U.S. Deputy Secretary of State William Burns said the United States will not try to impose its model of democracy on Egypt and that it recognizes only Egyptians can determine their future.
Burns met in Cairo Monday with leaders of the new military-installed interim government as it attempts to move ahead with a transition plan.
Burns, the first senior U.S. official to visit Egypt since the army removed Morsi, said he "did not come to lecture anyone."
"My message has been simple," he said. "The United States remains deeply committed to Egypt's democratic success and prosperity. We want a strong Egypt, an Egypt which is stable, democratic, inclusive and tolerant."
He also told reporters Egypt is in no danger of repeating the Syrian tragedy because its leaders "understand the dangers of polarization," adding that the key to success is "ensuring a sense of inclusion at every stage of the political transition."
Burns is also expected to meet with civil society and business leaders during his Cairo visit, which lasts through Tuesday.
The State Department said that in all his meetings, Burns would underscore U.S. support for the Egyptian people, an end to all violence, and a transition leading to an inclusive, democratically elected civilian government.
The U.S. administration has been criticized both by Morsi supporters and opponents for what each side has perceived as support for the other.
The Muslim Brotherhood and other Egyptians continue to protest the ouster of President Mohamed Morsi less than two weeks ago.
Egypt's army said it would respond with "utmost severity and force" if demonstrators tried to approach or break into its bases.
The Muslim Brotherhood and other Morsi supporters have been maintaining a protest outside Cairo's Rabia el-Adawiya Mosque, demanding Egypt's first democratically-elected president be returned to power.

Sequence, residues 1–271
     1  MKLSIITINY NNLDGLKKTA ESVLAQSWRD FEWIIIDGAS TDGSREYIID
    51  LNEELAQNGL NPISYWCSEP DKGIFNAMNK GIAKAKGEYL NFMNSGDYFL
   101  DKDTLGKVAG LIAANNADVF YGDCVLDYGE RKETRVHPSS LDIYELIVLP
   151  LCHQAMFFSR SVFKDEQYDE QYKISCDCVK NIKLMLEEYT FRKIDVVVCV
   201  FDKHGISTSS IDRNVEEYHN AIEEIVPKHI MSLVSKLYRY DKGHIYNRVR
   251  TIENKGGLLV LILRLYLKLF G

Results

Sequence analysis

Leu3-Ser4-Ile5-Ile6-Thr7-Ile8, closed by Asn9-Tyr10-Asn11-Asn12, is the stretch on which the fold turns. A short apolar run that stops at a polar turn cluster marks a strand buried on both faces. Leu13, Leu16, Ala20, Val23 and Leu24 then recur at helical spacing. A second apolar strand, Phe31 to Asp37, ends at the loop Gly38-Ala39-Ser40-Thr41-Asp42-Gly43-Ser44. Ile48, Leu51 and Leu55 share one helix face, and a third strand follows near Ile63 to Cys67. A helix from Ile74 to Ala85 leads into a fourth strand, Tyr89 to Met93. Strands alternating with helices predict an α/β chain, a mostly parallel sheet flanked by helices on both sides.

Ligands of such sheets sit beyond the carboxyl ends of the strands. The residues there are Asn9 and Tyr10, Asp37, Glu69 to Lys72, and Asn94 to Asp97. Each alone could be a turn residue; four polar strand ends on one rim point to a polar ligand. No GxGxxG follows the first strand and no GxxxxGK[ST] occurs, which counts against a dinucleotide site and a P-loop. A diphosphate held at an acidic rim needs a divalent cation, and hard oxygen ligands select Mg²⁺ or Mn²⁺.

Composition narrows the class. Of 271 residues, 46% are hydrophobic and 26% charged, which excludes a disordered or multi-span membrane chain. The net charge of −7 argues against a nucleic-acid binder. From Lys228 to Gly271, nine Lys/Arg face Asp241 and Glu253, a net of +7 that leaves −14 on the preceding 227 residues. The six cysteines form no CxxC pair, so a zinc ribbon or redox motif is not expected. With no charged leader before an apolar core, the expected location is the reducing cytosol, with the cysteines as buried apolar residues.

Brotherhood spokesman Mohamed Baltagi insisted that his camp won't accept the new interim regime.
He said there would be a 'Million Man march' Monday in all the public places across Egypt for people to declare that they have chosen their leaders, their institutions, their constitution and that they will prevail.
Anti-Morsi demonstrators also vow to keep demonstrating in Cairo's Tahrir Square.
The Tamarud group, which initiated protests in Tahrir Square that toppled Morsi, held a press conference to insist that its supporters would remain there to prevent the ousted leader from returning to power.
But VOA's Edward Yeranian in Cairo said the punishing summer heat and grueling daylight fast for Ramadan kept the streets of Cairo empty most of Monday, despite calls by secular and Islamist groups to protest. Ordinary Egyptians appeared to ignore the verbal jousting, going about business as usual.
Meanwhile, Egyptian Army helicopters tossed pamphlets over the mostly empty Rouba Adawiya protest camp, where Muslim Brotherhood supporters have been holding a daily vigil. The pamphlets urged protesters to abstain from violence and respect their political opponents.
Egyptian Army commander and Defense Minister, General Abdel Fattah al Sissi also defended the army's role in the recent overthrow of Morsi, insisting that the ousted president had split Egyptian society in two and created conflicts with most of the institutions of state. He rejected accusations that the move was religiously motivated.
The general said the army is at the service of the people and only got involved in politics because the people asked it to do so. He insisted that former President Morsi picked quarrels with the courts, the police, the people and the army, and that the army could not accept such behavior.
Morsi has been held at an undisclosed location since his removal, while a number of senior Muslim Brotherhood members have been taken into custody. Authorities have not charged the former president with a crime, but say they are investigating a series of complaints against him including spying and wrecking the economy.
Also Monday, Egyptian authorities said suspected militants attacked a bus carrying factory workers in the north Sinai town of El-Arish, killing at least three people and wounding 17 others. The Sinai Peninsula has seen a rise in violence since Morsi's July 3 ouster.
Edward Yeranian in Cairo contributed to this report